A proposed federal rule that would restrict how states fund their share of Medicaid would cause serious cuts in services, particularly for children, pregnant women, the elderly, and the disabled.
That is the message the Texas Medical Association and multiple state and specialty medical societies delivered to the Centers for Medicare & Medicaid Services (CMS) on Friday.
“The proposal represents a substantial shift in the state-federal Medicaid partnership and a reversal of more than two decades of policy that allowed states different options for financing our share of medical care in order to receive federal Medicaid matching dollars,” medicine wrote to CMS Administer Seema Verma. “We are concerned about the negative impact of the proposed rule on state budgets and states’ capacity to address funding gaps.”
States use general-revenue tax dollars plus supplemental funding – including hospital fees, provider taxes, and intergovernmental transfers – to pay their required “nonfederal” share of Medicaid services. Over the years, states such as Texas have had to increase supplemental funding because of lawmakers’ reluctance to increase the amount of general revenue that goes to Medicaid.
CMS in November proposed regulations that would require states to give CMS certain information on supplemental funding arrangements and that any new supplemental sources be “consistent with the proper and efficient operation of the state plan.”
CMS says the new reporting requirements would promote transparency within the system.
However, medicine argues that the rule would restrict states’ ability to use supplemental funds, that it establishes no clear standard for how states can raise funds, and that states would not have adequate time to plan for the changes.
“This rule would create significant funding gaps in state budgets and leave states without adequate resources or time to prepare for the future,” medicine’s letter says. “States could be forced to close budget gaps with either untenable cuts to providers and medical services or burdensome increases in state and local taxes.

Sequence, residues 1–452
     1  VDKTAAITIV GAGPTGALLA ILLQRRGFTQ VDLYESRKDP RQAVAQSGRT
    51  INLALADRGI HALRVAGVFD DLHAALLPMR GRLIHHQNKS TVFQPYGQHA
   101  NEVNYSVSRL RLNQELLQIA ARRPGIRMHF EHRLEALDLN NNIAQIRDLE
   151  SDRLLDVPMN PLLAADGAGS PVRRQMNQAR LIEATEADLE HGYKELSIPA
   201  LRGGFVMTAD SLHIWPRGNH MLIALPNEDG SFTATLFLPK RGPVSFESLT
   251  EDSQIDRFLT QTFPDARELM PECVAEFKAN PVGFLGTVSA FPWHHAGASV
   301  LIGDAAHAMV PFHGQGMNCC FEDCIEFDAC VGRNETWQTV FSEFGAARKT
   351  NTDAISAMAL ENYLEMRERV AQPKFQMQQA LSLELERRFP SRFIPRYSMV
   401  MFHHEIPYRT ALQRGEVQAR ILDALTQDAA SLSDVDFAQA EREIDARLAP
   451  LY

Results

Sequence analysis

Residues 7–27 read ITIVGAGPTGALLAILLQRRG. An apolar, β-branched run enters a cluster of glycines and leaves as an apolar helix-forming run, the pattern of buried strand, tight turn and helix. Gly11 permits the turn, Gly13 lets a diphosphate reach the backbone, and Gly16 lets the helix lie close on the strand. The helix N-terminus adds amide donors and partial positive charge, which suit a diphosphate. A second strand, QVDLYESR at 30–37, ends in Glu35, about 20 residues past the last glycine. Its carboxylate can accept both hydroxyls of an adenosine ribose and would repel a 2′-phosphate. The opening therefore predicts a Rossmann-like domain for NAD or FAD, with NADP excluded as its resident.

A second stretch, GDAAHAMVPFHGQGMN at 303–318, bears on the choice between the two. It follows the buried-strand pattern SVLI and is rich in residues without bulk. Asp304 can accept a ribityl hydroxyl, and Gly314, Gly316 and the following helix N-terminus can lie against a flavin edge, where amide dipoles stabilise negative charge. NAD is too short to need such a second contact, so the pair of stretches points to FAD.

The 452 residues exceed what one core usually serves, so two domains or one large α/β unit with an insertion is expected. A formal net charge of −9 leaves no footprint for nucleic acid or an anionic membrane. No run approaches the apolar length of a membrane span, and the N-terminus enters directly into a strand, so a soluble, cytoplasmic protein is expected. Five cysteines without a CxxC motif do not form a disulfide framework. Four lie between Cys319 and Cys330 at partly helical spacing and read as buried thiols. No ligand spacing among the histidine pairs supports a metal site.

“We strongly urge CMS to withdraw the proposed rule and work with states, physicians, and patients on alternatives that will ensure not only efficient use of taxpayer dollars, but also protect patient access to Medicaid services,” the letter says.
In Texas, which has the nation’s largest uninsured population, supplemental funding accounts for as much as 60% of hospitals’ Medicaid payments, finance experts report.
“These dollars serve as the lifeblood of safety net hospitals and health systems, including teaching facilities, children’s hospitals, and rural hospitals, which together serve the vast majority of Medicaid and low-income Texans while also providing critical community services, such as neonatal, maternity, and trauma care,” several Texas medical organizations, including TMA, wrote in a separate letter to Ms. Verma. “Without these dollars, many of these facilities would cease to exist or be forced to sharply limit their services.”
In addition, the state’s Medicaid 1115 Transformation Waiver, which will provide an additional $25 billion until 2022, relies almost exclusively on supplemental funding. That waiver has helped thousands of low-income Texans receive medical, behavioral, and dental services.
Without the ability to use supplemental funding, lawmakers would be unlikely to support any future Medicaid waiver, Texas’ letter says.
“Restricting Texas’ use of supplemental funds will ultimately jeopardize the health and well-being of Texans,” the letter says. “If Texas must make up the lost revenue, lawmakers may very well instead choose to cut benefits, services, and physician and provider payments to make up for the lost dollars.”